Who uses a cleanroom? Cleanrooms designed to keep air constantly circulating, using air filters and positive pressure to keep critical processes clean from particles and contaminants. So they are important in industries where external contaminants can ruin products, affect product quality, or harm people.
Cleanrooms are the backbone of some critical industries and our lives would look very different without them. Could you imagine buying a phone that broke on the first use because the internal circuitry was compromised due to particle contamination during manufacture? Or eating food covered in unknown germs? Or having a medical device implanted that you couldn’t trust to be sterile?
So who exactly uses cleanrooms? Some of these industries might surprise you!
When pharmaceutical products are being made, the slightest contamination could ruin the medication and harm the person who takes them. So it’s critical that pharmaceutical companies use cleanrooms to keep their products safe.
In the production of sterile drugs, the cleanrooms are always monitored and regularly disinfected. This is critical all throughout the pharmaceutical sterile manufacturing industry - and it doesn’t stop at medications.
Also in the medical field, those who develop medical devices use cleanrooms. This is especially important for medical devices that go into the human body. In general, medical facilities try to stay totally contaminant free because any particle that ends up in the body that is not supposed to be there can cause trouble.
So if a device is going to be used in an operating room or put into a human body, they want to make sure it stays free of contaminants.
This is an especially important industry for all the photographers and researchers out there. The optics industry produces telescopes, microscopes, and other sorts of lenses - like those found in your phone or camera.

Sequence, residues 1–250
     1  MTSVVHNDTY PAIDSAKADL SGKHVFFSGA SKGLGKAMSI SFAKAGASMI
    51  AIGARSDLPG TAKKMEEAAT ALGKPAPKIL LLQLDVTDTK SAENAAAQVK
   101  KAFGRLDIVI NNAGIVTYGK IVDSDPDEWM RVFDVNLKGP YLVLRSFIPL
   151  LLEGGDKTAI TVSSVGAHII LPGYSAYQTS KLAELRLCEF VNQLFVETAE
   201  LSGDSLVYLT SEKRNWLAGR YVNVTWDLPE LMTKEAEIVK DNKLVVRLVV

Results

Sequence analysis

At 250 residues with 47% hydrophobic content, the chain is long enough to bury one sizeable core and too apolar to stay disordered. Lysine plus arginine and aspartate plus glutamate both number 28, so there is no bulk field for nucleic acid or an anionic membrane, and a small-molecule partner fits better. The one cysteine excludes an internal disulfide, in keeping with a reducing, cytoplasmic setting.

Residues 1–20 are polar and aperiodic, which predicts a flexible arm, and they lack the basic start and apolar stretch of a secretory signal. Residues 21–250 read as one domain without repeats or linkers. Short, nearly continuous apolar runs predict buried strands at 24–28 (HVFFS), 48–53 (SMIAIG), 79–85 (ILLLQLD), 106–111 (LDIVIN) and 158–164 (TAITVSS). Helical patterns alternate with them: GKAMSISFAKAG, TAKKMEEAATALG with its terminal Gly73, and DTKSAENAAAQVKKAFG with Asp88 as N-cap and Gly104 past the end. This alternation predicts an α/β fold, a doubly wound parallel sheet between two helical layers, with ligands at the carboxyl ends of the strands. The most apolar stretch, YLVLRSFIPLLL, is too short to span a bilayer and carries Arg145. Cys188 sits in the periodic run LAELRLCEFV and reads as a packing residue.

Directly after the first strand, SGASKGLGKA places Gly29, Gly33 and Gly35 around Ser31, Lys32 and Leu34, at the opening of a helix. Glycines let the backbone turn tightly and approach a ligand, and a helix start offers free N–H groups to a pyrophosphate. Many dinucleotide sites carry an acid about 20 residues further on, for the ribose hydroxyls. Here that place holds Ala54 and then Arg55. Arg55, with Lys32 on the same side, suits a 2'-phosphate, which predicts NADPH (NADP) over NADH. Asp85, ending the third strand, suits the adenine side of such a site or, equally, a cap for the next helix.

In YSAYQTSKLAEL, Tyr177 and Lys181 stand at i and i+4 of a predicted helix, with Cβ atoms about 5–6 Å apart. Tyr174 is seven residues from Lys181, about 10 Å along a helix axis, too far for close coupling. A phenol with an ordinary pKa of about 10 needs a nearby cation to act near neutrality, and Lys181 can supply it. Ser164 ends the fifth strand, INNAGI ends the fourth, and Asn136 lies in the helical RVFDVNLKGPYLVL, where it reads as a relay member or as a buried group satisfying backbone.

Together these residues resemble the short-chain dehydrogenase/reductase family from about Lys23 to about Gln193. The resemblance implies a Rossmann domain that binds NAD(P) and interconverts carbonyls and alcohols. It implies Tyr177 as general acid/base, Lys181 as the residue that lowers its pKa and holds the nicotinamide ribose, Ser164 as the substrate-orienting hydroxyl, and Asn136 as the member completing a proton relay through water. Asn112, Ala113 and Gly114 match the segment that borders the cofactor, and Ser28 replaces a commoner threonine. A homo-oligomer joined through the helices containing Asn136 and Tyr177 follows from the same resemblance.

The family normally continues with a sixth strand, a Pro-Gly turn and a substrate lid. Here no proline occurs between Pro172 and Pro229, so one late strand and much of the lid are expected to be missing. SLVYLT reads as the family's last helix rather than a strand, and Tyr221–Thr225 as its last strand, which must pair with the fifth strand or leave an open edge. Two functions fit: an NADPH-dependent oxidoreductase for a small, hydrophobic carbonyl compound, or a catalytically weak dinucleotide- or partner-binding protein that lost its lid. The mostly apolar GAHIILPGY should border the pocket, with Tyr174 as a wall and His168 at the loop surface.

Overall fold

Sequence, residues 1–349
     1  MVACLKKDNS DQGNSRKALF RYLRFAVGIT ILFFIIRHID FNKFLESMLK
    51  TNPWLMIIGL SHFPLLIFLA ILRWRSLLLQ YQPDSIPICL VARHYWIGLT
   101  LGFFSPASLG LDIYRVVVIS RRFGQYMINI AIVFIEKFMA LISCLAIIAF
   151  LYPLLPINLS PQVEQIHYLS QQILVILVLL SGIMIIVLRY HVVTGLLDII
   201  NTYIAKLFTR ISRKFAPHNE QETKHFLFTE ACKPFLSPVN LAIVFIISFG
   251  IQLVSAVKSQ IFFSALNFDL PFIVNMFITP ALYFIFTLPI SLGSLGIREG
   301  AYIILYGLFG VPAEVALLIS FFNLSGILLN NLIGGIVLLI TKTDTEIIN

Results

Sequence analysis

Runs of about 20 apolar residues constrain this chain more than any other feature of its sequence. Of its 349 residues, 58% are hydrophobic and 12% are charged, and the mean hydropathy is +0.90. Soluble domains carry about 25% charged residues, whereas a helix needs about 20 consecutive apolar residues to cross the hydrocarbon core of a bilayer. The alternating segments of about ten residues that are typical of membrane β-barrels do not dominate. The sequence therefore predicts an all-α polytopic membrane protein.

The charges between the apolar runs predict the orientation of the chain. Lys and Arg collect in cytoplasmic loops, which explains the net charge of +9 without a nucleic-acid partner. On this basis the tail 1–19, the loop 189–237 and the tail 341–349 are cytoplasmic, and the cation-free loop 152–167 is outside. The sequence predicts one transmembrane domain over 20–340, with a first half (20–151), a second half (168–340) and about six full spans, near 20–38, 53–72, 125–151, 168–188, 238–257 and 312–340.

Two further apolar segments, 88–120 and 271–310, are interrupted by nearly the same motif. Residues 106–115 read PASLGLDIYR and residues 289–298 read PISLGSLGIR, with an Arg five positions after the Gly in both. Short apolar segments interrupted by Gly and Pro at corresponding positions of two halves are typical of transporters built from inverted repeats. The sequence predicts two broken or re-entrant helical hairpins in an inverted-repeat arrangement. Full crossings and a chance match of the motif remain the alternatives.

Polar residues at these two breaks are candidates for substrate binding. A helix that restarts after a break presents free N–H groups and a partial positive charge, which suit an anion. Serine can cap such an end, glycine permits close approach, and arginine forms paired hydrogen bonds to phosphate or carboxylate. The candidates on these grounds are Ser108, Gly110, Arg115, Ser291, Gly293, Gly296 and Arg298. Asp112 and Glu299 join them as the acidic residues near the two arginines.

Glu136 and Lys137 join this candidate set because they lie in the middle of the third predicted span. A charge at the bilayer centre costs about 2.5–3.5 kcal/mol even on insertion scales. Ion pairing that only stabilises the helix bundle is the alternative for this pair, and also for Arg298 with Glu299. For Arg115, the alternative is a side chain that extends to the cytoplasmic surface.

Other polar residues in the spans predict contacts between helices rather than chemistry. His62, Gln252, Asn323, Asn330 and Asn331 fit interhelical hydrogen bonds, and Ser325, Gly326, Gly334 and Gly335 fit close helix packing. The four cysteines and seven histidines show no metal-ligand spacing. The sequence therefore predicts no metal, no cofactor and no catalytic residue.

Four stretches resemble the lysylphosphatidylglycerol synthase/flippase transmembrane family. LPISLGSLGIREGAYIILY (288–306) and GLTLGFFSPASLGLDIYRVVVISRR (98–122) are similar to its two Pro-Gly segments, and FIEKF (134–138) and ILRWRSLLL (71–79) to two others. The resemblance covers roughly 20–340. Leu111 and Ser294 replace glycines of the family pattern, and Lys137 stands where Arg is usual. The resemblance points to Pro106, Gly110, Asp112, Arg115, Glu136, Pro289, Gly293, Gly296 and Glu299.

We often take for granted being able to look through a camera and see a perfectly crisp photo. But what would happen if a bunch of fine dust particles were stuck in the layers of glass that creates the lens?
Your photo would turn out blurry and covered in dust. Not to mention, in a research facility, they’d have a hard time telling what’s an important scientific discovery and what’s a dust particle.
Thus, it is important that the optics industry manufactures all sorts of lenses in a cleanroom environment.
Your phone is basically a cleanroom conglomerate. Inside computers, phones, and other electronic equipment are microprocessors and tons of nanotechnology. Each of these pieces must be totally accurate to work - which means even the tiniest speck of dust locked inside the tech would result in malfunctions.
Another area of electronics is LCD televisions and other display devices. It’s incredibly important to keep the manufacturing process free from contaminants to keep the product quality up, especially with increasing screen resolution.
So, when assembling the nanotechnology, they use cleanrooms to keep contaminants away.
When we send people into space, we want everything to work perfectly, right? Right. You don’t want things going awry in zero-gravity where there’s no breathable air.
They might not be building giant space shuttles in a cleanroom, but the thousands of tiny parts that make up the space shuttles and rockets are built in cleanroom environments. It’s critical - for the safety of the pilots, the accuracy of the equipment, and the integrity of the space shuttle - that these components are built without outside contaminations, so they work in perfect functioning order.